Docstoc

0209

Document Sample
0209 Powered By Docstoc
					58             The Statutes at Large of Pen12~sylvania.                         [1715
        May 5, 1841, P. L. 350; April 6, 1843, P. L. 175; March 14, 1846,
        P. L. 124; March 9, 1847, P. L. 279; (the two acts of) April 11,
        1848, P. L. 525, 536; January 24, 1849, P. L. 676; Apr11 5, 1849,
        P. L. 344; April 9, 1849, P. L. 524; April 10, 1849, P. L. 619; March
        13, 1850, P. L. 178; April 2, 1850, P. L. 312; AprIl 22, 1850, P. L.
        556; April 25, 1850, P. L. 569; April 26, 1850, P. L. 577; March 15;
        1851, P. L. 163; April 3, 1851, P. L. 868; April 10, 1851, P. L. 505;
        April 15, 1851, P. L. 661; March 1, 1852, P. L. 100; March 18, 1852,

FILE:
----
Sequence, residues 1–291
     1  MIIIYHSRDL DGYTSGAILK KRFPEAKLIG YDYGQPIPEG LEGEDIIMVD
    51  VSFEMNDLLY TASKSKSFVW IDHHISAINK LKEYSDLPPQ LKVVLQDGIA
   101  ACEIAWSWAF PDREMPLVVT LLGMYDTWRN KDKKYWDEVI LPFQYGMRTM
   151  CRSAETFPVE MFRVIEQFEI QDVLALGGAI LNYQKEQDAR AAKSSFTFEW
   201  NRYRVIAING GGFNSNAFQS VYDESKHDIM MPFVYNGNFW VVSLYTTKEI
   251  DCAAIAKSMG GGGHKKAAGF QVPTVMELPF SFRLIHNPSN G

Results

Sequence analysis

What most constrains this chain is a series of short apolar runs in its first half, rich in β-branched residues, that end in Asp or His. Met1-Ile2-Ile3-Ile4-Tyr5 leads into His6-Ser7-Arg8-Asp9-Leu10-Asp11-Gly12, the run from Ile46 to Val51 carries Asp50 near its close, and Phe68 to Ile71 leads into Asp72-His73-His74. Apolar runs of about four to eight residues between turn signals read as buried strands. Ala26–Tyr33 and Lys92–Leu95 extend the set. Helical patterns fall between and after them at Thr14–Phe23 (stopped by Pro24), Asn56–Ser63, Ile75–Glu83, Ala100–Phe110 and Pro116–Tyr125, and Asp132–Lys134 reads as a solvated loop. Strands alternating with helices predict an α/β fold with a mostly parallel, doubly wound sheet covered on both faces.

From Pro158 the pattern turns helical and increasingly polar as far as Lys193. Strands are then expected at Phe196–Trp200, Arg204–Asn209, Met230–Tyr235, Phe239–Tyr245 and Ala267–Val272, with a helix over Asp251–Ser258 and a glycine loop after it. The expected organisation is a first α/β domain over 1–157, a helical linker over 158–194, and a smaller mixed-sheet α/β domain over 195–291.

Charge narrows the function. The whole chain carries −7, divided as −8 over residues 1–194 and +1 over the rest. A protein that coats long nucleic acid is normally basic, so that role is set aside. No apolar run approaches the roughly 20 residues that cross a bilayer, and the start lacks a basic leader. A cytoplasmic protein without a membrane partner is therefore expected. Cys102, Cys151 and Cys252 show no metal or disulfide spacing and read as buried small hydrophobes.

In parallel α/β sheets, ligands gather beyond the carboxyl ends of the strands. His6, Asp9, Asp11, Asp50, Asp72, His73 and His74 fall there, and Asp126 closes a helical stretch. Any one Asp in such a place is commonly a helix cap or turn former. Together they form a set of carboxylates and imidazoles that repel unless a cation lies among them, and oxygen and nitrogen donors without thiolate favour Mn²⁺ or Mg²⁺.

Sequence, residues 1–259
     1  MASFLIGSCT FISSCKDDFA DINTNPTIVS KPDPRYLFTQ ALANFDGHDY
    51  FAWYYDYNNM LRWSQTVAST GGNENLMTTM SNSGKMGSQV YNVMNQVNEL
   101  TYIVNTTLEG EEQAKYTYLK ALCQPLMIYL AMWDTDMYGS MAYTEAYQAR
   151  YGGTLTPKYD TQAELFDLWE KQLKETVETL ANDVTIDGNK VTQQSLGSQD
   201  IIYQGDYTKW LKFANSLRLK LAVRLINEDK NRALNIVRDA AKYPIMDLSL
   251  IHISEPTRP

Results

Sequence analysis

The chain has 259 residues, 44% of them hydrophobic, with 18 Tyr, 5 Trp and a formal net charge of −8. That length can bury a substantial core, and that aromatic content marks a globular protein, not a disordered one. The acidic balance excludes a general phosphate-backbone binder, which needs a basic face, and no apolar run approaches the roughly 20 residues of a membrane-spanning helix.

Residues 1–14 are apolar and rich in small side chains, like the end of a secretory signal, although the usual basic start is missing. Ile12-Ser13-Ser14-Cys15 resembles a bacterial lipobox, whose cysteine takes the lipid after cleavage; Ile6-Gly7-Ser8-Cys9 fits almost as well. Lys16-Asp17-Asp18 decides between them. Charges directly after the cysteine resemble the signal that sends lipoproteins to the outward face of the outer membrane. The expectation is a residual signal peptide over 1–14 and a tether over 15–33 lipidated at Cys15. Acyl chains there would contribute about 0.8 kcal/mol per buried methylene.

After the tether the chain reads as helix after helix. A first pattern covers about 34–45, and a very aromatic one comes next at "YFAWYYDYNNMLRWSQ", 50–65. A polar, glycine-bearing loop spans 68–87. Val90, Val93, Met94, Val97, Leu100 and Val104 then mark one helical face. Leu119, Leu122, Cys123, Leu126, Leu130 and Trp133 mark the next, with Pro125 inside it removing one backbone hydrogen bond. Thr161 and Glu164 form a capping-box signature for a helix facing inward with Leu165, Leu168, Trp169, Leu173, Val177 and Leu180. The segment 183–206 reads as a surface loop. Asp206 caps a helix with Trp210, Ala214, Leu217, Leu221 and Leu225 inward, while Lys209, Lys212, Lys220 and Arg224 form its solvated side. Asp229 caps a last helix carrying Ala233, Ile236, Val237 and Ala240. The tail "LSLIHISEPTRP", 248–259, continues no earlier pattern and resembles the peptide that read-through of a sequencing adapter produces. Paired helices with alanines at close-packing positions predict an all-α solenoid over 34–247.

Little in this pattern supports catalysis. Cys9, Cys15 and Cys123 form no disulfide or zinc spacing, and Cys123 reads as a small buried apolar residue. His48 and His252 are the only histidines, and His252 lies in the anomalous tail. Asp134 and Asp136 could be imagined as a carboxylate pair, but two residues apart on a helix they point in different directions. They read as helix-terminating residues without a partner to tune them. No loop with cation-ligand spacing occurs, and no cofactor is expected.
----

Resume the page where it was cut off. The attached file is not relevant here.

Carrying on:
P. L. 645; April 5, 1853, P. L. 295; April 26, 1854, P. L. 501: May 5,
        1854, P. L. 572; May 6, 1854, P. L. 6~3;December 14, 1854, P. L.
         (1855) 724; April 27, 1855, P. L. 368; April 9, 1856, P. L. 294; (the two
        acts of) April 11, 1856, P. L. 304, 315; April 21, 1856, P. L. 484;
        April 2, 1859, P. L. 352; April 6, 1859, P. L. 383; March 20, 1860,
         P. L. 204; March 31, 1860, P. L. 382; April 3, 1860, P. L. 630; March.
        22, 1861, P. L. 185; March 27, 1862, P. L. 192; April 1, 1863, P. L.
        188; (the three acts of) April 22, 1863, P. L. 533, 548, 572; August
        10, 1864, P. L. 962; March 22, 1865, P. L. 30; March 27, 1865, P. L.
         44; April 12, 1866, P. L. 864; (the two acts of) April 17, 1866, P. L.
         108, 1004; May 17, 1866, P. L. 1085; Martb 23, 1867, P. L. 43; April
         10, 1867, P. L. 67; AprIl 2, 1868, P. L. 3; AprIl 28, 1868, P. L. 1151;
         April 17, 1869, P. L. 68; January 26, 1870, P. L. 13; F~bruary 23,
         1870, P. L. 32; June 15, 1871, P. L. 387; April 13, 1872, P. L. 1140;
         •March 7, 1873, P. L. 222; May 25, 1874, P. L. 222; May 26, 1874,
         P. L. 229; March 18, 1875, P. L. 32; April 6, 1876, P. L. 18; April 28,